Cystic fibrosis - nutrition
Cystic fibrosis (CF) is a life-threatening disease that causes thick, sticky mucus to build up in the lungs and digestive tract. People with CF need to eat foods that are high in calories and protein throughout the day.
Parents can pass all kinds of different traits to their children, from blue eyes to blonde hair. Sometimes, parents can also pass the genes for certain diseases to their kids. Cystic fibrosis is one very serious inherited disease that makes it hard for children to breathe and digest food. Let's talk about cystic fibrosis. Genes are the coded instructions that tell our bodies how to operate. Usually, the code is correct and everything runs smoothly. But sometimes, the code is incorrect because of a defective gene or genes. In the case of cystic fibrosis, a faulty gene causes the body to produce an abnormally thick, sticky fluid called mucus. This mucus clogs the lungs, making it hard to breathe. It also gets stuck in the pancreas, making it harder for the body to break down and digest food. Millions of Americans carry the cystic fibrosis, or CF gene. Fortunately, most of them don't have cystic fibrosis. That's because you need to inherit one faulty gene from each parent to actually get the disease. Kids who are born with cystic fibrosis start showing signs very early. Newborns don't grow or gain weight as quickly as they should, and they don't make bowel movements because their bodies aren't digesting food properly. As these children get older, they may have symptoms like coughing and fatigue from the mucus in their lungs, and nausea and stomach pain from the mucus in their pancreas. They'll also get pneumonia and other lung infections more often than normal. So, you may now be asking, how do you know if your child has cystic fibrosis? Doctors diagnose cystic fibrosis using a blood test that looks for the CF gene. There is also a sweat test, which looks for saltier-than-normal sweat, another symptom of cystic fibrosis. Doctors may use other tests, such as a chest x-ray or upper GI series, to check for lung and bowel problems caused by CF. It's a good idea to get treated at a center that specializes in cystic fibrosis because they're up on all the latest therapies. For lung problems, treatments include inhaled medicines to open the airways, medicine to thin mucus and make it easier to cough up, and antibiotics to prevent lung infections. Some people may eventually need a lung transplant. For bowel problems, you'll need to eat a special diet that's higher in protein and calories to make up for the nutrients you're losing. You may also take vitamin supplements. The outlook for people with cystic fibrosis is better today than ever before. Thanks to new treatments, people with this disease can live well into adulthood. They can go to school, play sports, and get a job like everyone else. But because the symptoms of cystic fibrosis are so serious, it's very important to stay on top of treatment, and to call the doctor right away if symptoms get worse. Anyone with a family history of the disease may want to get screened for the CF gene before they decide to have children.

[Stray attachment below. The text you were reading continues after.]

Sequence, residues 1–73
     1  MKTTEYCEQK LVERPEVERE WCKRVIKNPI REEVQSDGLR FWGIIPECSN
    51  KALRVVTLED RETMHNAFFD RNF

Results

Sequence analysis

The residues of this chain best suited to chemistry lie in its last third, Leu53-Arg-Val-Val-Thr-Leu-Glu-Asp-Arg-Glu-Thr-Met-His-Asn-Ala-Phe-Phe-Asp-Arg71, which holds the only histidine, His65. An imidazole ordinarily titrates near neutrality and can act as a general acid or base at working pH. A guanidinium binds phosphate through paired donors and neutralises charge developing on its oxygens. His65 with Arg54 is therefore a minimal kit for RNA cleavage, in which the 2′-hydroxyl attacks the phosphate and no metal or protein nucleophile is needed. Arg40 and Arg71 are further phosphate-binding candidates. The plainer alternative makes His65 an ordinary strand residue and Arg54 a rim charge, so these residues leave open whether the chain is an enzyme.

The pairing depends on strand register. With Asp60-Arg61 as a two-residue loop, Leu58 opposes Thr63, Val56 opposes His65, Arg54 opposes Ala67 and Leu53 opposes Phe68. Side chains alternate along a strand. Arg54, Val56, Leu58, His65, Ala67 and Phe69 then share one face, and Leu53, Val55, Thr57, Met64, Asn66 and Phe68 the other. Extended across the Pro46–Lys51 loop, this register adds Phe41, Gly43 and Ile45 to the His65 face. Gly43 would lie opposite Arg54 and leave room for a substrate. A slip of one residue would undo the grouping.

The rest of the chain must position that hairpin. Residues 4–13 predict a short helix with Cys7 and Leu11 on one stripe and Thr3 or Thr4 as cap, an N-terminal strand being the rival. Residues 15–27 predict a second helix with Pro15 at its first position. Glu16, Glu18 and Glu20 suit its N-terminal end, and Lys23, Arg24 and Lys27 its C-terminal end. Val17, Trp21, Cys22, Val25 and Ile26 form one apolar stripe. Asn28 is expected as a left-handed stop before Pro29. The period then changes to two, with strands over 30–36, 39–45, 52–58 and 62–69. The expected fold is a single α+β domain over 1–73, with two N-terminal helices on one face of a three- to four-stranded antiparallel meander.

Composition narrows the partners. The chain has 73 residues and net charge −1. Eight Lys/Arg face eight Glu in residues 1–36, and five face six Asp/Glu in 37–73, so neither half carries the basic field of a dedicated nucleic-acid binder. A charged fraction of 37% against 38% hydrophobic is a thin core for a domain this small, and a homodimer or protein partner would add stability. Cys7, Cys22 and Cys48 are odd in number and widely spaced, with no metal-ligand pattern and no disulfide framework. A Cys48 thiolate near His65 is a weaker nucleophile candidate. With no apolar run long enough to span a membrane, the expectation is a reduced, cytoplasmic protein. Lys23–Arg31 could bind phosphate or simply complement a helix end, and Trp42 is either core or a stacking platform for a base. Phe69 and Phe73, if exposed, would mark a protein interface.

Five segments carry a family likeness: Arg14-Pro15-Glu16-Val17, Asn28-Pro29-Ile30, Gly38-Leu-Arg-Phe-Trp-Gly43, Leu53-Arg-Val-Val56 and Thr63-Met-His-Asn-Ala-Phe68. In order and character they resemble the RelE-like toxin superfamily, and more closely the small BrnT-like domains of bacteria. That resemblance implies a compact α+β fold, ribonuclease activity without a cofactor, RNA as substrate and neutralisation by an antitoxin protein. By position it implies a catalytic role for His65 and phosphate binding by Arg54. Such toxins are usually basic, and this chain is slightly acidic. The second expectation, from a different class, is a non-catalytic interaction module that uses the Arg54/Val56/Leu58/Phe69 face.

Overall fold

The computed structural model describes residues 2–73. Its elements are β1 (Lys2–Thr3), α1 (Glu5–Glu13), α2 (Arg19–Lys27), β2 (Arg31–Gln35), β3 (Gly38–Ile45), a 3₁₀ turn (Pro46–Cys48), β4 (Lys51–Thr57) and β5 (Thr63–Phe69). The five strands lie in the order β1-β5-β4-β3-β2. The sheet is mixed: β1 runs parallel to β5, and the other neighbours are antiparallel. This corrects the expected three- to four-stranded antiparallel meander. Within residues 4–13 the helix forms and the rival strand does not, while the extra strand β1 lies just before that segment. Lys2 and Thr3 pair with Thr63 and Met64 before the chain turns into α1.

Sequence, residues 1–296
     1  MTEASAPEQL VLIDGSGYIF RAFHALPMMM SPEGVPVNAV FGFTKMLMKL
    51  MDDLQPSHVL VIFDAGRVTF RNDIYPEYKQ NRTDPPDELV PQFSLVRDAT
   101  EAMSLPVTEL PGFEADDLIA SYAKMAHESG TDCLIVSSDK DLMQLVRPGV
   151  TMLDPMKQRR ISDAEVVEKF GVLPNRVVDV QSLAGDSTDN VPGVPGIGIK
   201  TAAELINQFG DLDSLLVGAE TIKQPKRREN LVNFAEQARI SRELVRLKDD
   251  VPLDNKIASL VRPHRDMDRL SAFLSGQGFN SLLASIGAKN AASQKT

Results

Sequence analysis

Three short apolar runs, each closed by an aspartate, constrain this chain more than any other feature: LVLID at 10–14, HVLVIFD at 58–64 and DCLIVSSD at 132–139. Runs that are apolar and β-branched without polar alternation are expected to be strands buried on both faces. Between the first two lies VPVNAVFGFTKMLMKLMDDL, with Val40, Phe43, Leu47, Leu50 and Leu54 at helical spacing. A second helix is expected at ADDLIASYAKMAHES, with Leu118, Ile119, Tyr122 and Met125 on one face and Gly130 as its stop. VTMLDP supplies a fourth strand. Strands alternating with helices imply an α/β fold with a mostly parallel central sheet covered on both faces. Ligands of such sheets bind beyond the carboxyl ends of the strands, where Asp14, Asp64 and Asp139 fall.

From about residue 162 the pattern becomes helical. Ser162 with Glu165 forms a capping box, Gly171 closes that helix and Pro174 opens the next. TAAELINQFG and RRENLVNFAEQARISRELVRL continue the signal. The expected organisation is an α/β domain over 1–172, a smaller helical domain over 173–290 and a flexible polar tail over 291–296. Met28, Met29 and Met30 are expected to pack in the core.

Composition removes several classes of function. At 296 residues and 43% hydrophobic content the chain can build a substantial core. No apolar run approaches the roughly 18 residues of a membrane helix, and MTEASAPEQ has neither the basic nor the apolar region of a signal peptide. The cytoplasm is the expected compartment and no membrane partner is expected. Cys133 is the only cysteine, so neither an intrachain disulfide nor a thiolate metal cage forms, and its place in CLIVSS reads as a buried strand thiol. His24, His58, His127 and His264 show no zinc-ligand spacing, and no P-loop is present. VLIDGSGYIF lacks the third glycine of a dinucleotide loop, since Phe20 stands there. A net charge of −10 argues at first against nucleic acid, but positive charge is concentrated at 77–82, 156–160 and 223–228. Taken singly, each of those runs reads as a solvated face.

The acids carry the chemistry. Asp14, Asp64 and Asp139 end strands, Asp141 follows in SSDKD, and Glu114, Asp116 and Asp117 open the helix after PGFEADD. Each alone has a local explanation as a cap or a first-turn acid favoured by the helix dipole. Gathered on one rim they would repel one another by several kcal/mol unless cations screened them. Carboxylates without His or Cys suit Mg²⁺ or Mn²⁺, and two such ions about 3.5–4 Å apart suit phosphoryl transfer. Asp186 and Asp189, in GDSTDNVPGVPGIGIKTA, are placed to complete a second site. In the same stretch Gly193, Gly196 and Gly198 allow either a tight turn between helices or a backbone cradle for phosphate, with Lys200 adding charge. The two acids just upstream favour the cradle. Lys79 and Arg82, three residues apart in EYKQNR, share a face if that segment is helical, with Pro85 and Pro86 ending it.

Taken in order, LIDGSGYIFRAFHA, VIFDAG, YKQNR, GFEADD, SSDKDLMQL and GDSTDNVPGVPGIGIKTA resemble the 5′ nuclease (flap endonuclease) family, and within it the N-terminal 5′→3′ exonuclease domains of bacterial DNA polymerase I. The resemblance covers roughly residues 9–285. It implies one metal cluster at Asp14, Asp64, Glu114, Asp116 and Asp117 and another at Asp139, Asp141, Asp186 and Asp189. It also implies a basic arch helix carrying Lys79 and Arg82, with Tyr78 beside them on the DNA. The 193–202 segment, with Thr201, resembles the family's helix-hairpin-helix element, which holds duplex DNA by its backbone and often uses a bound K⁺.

The pancreas is an organ in the abdomen behind the stomach. An important job of the pancreas is to make enzymes. These enzymes help the body digest and absorb protein and fats. A buildup of sticky mucus in the pancreas from CF can lead to serious problems, including:
- Stools that contain mucus, are foul smelling, or float
- Gas, bloating, or distended belly
- Problems getting enough protein, fat, and calories in the diet
Because of these problems, people with CF may have a hard time staying at a normal weight. Even when weight is normal, a person may not be getting the right nutrition. Children with CF may not grow or develop correctly.